One of the most common questions we get when someone meets Charlotte for the first time is, “Why?”
Why a feeding tube? Why a trach? Why did she come early?
Today, I’ll tackle the “Why does Charlotte have a feeding tube?” question.
Most of this is review for you all, but here it goes.
Charlotte was born at 23 weeks, 6 days. She was so early her esophagus wasn’t fully formed. For the first week of life, the esophagus and the stomach were not connected. They grew together after she was born. What does this have to do with the tube? Nothing.
But it illustrates how completely premature she was. How every part of her was premature. Her esophagus, her stomach, her intestines, her skin, her heart, her eyes, her brain, her blood vessels, her nervous system, everything.
At two weeks, Charlotte had a heart procedure called a PDA Ligation. One of the significant side effects of this procedure is that it can cause paralysis of the vocal cords. Which, of course, happened to Miss Charlotte Amalie. With the paralyzed vocal cord, she aspirated significantly.
Initially, Charlotte had a really good suck reflex. But every time she tried to eat by mouth, she filled her lungs, not her stomach, with food. This severely damaged her lungs. Not only did she aspirate by mouth, but she also aspirated by reflux–anything that was in her belly she would reflux up and then aspirate.
The only way to prevent the aspiration was to thicken her feeds to honey thickness. Due to her poor lung quality, sucking such a consistency out of a bottle was simply too much work for her. She would get exhausted after about 5mL. Eventually, she lost all ability to eat by mouth (due to pain from reflux and discomfort from aspiration), and to this day, she refuses to eat anything orally.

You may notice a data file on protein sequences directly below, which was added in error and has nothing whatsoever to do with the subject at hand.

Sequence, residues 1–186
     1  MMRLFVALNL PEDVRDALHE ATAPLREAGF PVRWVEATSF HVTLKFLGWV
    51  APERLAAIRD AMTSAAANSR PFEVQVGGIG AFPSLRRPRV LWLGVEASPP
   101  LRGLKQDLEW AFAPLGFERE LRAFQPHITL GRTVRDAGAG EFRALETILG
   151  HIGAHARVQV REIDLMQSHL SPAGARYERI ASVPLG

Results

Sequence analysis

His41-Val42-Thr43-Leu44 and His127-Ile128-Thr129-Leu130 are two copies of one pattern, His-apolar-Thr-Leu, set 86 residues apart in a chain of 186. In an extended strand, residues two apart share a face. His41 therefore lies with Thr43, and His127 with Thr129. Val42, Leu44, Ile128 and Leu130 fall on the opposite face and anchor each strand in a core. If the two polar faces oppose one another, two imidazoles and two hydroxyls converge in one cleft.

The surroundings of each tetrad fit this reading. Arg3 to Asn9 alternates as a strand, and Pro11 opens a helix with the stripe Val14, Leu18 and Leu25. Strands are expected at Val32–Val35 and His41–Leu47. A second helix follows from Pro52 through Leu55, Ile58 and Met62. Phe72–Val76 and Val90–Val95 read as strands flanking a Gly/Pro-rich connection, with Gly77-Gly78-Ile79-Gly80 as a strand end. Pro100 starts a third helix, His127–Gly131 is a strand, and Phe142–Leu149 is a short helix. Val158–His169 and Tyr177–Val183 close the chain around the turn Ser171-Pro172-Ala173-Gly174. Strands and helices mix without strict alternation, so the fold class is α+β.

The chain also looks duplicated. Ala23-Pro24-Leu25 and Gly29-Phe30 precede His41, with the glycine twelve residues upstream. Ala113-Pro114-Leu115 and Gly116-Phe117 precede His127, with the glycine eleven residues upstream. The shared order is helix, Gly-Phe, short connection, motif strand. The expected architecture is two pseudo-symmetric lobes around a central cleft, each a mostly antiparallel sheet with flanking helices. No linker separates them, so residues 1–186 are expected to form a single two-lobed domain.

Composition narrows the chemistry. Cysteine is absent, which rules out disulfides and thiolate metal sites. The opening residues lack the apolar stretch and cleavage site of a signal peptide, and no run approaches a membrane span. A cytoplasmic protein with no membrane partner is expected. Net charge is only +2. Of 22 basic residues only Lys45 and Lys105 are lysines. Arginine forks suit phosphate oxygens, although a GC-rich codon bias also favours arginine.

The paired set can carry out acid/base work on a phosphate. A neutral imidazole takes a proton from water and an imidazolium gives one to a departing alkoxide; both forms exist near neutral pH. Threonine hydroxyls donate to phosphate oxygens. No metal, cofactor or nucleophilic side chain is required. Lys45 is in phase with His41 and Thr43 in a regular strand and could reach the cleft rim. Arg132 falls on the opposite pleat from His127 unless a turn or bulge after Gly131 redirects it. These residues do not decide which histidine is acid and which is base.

After a horrendous experience with aspiration pneumonia in September of 2010, we decided to have a g-tube and a nissen fundoplication performed. The g-tube puts food directly into her stomach, and the nissen fundoplication prevents anything in her stomach from refluxing past her esophagus. I wouldn’t wish a nissen on anyone– it’s pretty awful. She can’t burp, can’t vomit, can’t vent her tummy at all. It can be very uncomfortable for her, but the nissen has literally saved her life.
There are a million reasons for a feeding tube. But here are some non-reasons for a feeding tube:
It’s not because she is a “picky eater.”
It’s not because we didn’t “try” enough things.
It’s not because she wasn’t hungry enough.
It’s not because we didn’t feed her.
It’s not because we didn’t try, we didn’t fight, we didn’t succeed.
It’s not because she “failed” to thrive, regardless of what a medical diagnosis says.
Her feeding tube nourishes and strengthens her daily. And for that- we will forever be grateful.